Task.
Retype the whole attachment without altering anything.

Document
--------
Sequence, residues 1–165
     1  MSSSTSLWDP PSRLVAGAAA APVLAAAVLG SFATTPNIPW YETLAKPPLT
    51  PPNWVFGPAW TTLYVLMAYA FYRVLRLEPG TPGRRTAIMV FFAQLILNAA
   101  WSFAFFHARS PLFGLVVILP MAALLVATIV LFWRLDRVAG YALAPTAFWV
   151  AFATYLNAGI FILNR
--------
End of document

Sequence, residues 1–165
     1  MSSSTSLWDP PSRLVAGAAA APVLAAAVLG SFATTPNIPW YETLAKPPLT
    51  PPNWVFGPAW TTLYVLMAYA FYRVLRLEPG TPGRRTAIMV FFAQLILNAA
   101  WSFAFFHARS PLFGLVVILP MAALLVATIV LFWRLDRVAG YALAPTAFWV
   151  AFATYLNAGI FILNR